MLB Trade Rumors: 10 Trades the Seattle Mariners Should Consider
The Seattle Mariners already pulled off the one big deal they had planned to make leading up to Major League Baseball's trading deadline. The Mariners traded away Cliff Lee for one of the best offensive prospects in the game in Justin Smoak (plus other prospects).
Yet, the Mariners are unlikely finished with their trading deadline work. Seattle is 39-60 and assuredly out of the buyer's market. Yet there are deals within the current roster the Mariners should consider as they look to the future built around Smoak and Felix Hernandez. The Mariners have the pieces, it's a matter of finding the right buyer.
Lopez's 2010 season has been a far cry from his 2009 production. Lopez is currently hitting .236 with just six home runs and a .603 OPS after hitting .272 with 25 home runs and 96 RBI a year ago. That is going to drop his value on the trade market, but he could be moved for a couple of mid-tier prospects to a team seeking bench depth or a utility player.
Lopez's production climbed every year from 2007-2009, so the Mariners may consider hanging onto Lopez in the event that 2010 is simply a bump in the road.
Vargas, who was acquired in the J.J. Putz trade, is having a career season as a 27-year-old. Vargas is currently 6-5 with a 2.94 ERA with an 80/32 K/BB ratio in 19 starts this season has proved to be the Mariners most consistent starters behind Felix Hernandez (since Cliff Lee was traded).
FOXSports.com reported that the Mariners stated they will not trade Vargas. One cannot blame the Mariners given that young left-handers finding their stuff doesn't happen everyday. But it is now that the Mariners could take advantage of Vargas' stock and get prospects in return.
The Mariners re-acquired Branyan at the start of July hoping he could give the M's the offensive sparked they lacked. In 13 games so far, Branyan has fallen short—he has hit three home runs and driven in 10 runs, but he is hitting .250 and recently went down with a tweaky back.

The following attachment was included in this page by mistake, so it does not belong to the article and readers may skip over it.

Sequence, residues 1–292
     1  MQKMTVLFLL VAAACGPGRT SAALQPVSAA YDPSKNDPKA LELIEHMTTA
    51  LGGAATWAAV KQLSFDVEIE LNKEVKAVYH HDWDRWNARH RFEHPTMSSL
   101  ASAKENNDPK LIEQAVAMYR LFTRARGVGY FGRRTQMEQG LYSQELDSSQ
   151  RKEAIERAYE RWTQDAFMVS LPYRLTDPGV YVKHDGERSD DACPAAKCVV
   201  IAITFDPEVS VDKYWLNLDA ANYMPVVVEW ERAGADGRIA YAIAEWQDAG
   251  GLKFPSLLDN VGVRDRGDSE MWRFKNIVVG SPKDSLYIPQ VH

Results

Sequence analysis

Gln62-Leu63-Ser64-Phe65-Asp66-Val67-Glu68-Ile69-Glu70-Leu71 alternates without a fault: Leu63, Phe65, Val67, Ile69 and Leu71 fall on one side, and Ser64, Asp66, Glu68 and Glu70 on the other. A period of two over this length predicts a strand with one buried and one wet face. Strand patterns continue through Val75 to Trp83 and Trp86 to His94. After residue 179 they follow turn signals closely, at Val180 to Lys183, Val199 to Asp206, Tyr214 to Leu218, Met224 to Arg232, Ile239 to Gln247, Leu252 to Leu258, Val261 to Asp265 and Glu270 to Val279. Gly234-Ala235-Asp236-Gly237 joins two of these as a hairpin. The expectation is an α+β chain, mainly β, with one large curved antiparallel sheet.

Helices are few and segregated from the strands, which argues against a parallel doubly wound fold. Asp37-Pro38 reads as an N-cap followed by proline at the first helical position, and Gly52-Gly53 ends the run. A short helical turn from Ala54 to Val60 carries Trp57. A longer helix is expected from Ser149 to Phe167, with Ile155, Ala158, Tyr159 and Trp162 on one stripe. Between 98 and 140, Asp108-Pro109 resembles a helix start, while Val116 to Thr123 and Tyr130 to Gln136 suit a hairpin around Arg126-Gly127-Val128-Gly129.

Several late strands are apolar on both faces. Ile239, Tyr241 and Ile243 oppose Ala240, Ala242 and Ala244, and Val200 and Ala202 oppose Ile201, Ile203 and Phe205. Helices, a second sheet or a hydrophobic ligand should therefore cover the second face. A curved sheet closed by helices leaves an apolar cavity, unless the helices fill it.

Combine those figures, the injury and the arrival of Justin Smoak and the Mariners are in lesser need of Branyan's services. Smoak is now the priority at first base and the Mariners already have Casey Kotchman in place to spell Smoak in the field.
Branyan should be sent packing just for anything because his value as a trade chip is better than a third first baseman and occasional designated hitter.
Bradley isn't doing much for the $11 million price tag he comes with. A .207 average, eight home runs and 29 RBI in 72 games isn't going to inspire value on the trade market and any deal the Mariners find for Bradley will likely come with eating much of what's left on his contract including the $12 million for next season.
The Mariners have voiced their willingness to stand behind Bradley as he exorcises his demons, but roughly $18 million through the end of 2011 is going to take a whole lot of patience. The Mariners would be better served dumping him in another team's lap.
Rowland-Smith is the last piece the Mariners have that could possibly draw any interest before the July 31st trade deadline. Now, his 1-9 record and 6.27 ERA isn't going to impress off the bat and he likely wouldn't help another team pushing towards a playoff spot.
However, Rowland-Smith did go 5-4 with a 3.74 ERA and 1.18 WHIP in 2009 and at 27 years old could be viewed as something of a reclamation project in another system. The wheels have come of for Rowland-Smith this season, but a few teams will give up on a 27-year-old left-hander that has previously shown potential.
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